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56   Life and Letters of Francis Galton

appeared in more than one of the descendants of Samuel Tertius and Violetta, but the most close of the Darwins to.Francis Galton was his uncle Sir Francis Darwin, who also has the Collier strain. And in several of the physical features which seem to differentiate Francis Galton from many of his Galton kin, they seem to resemble more than he did the Darwins. If we take portraits of Charles Darwin and of Francis Galton in middle life, we may perhaps detect some resemblances in the rather firm lips, the strong chin, the heavy brow and luxuriant eyebrows, the slightly receding forehead and the apparent absence of marked occipital development (see Plate XXXVII). But taking physique as a whole, Galton was in popular language, " not a Darwin." It is to the mental characters we must turn for likeness.

Mental. (a) Even temper'. (b) Great sympathy. (c) Ascetic rather than sensuous. (d) Strong mechanical bent. (e) Keen delight in numerical evaluation and symbolic expression, two factors hardly to be put, perhaps, under one heading. (f) Strongly emphasised power of observation and appreciation of observation-what we might almost speak of as the " clinical instinct." (g) Marked love of adventure, the roving lust. (h) By no means a student or collector in the usual sense, neither a wide. reader of books nor a worker in museums. Galton rather observed and collected to answer a problem he had a priori proposed to himself, than studied material with a view to the discovery of some hidden secret. (i) Continuous concentration in reading or analysis was liable to lead to " mental fag," and on two occasions in his life led to a breakdown. (j) An instinct almost amounting to a moral sense that the end of science was not so much knowledge for its own sake, as social utility and increaVed human efficiency. (k) Much steadfastness of purpose accompanied by a considerable power of controlling others and inspiring them to fulfil his planned ends. (1) A noteworthy sense of humour. (m) A great appreciation of the need for clear expression in science.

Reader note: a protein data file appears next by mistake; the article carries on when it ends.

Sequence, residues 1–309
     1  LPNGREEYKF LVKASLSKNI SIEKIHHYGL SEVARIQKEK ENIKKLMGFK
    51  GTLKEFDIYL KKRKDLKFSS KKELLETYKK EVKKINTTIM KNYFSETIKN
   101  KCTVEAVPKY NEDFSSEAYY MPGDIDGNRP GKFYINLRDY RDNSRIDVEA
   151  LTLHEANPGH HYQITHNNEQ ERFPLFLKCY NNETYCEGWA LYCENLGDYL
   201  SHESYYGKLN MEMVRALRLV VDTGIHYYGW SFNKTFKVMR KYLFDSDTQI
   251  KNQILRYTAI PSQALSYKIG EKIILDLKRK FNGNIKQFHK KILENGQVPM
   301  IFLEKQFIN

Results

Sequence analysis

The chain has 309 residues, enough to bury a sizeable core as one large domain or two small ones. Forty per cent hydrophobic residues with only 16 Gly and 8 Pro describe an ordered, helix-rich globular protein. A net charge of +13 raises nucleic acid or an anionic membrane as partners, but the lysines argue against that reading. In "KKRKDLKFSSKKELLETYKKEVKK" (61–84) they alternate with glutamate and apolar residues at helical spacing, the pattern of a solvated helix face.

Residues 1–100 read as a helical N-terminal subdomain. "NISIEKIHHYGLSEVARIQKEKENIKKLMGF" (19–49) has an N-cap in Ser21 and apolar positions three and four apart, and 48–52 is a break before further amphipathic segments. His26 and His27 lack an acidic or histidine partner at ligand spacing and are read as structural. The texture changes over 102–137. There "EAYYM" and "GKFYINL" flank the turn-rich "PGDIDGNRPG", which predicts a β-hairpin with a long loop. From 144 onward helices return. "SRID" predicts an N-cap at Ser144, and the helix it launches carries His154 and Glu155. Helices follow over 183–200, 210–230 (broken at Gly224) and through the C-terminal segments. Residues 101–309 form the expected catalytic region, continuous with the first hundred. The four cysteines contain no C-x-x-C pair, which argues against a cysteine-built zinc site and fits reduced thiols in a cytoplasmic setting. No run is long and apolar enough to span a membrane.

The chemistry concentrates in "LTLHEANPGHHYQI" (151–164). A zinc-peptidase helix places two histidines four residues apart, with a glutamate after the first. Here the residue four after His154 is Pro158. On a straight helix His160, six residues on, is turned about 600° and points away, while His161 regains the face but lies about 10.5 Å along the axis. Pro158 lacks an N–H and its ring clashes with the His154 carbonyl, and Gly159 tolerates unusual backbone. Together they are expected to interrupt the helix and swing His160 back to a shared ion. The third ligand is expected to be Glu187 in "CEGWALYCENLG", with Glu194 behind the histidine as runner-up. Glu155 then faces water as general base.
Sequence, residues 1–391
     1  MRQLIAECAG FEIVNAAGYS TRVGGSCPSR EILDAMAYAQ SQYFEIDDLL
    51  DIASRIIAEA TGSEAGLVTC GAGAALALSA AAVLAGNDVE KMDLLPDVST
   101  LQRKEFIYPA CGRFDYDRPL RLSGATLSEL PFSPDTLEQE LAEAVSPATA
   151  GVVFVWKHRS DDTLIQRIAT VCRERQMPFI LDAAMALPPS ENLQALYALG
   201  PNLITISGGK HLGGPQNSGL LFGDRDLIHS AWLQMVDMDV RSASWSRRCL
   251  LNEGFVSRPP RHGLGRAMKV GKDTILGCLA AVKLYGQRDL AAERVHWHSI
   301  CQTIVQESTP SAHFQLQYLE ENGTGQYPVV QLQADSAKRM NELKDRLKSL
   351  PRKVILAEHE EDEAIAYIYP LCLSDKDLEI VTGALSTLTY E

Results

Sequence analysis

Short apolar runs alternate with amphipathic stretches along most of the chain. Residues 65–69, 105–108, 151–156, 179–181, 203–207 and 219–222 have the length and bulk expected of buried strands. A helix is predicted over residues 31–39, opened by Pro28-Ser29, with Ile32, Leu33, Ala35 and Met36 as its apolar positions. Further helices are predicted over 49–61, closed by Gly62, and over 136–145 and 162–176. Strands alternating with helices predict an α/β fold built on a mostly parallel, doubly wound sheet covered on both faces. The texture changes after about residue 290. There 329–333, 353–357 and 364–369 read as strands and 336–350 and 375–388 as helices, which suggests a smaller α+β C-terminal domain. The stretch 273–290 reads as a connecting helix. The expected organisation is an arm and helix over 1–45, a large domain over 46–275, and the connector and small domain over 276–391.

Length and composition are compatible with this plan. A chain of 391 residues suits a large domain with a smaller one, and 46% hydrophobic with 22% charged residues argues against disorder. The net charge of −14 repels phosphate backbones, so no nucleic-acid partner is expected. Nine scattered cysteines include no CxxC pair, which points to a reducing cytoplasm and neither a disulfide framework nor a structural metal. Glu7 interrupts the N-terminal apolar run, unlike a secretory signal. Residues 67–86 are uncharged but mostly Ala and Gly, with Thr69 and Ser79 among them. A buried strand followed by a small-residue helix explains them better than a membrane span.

We believe that several of these features are markedly Darwin, but others just as certainly come from different strains.

Power of observation, the " clinical instinct " that we have referred to, was essentially. Darwin. Probably also much of his sympathetic

1 Francis Galton himself has said that he had a quick temper only gradually brought under control by exercise. If this be so, the power of control was probably hereditary.


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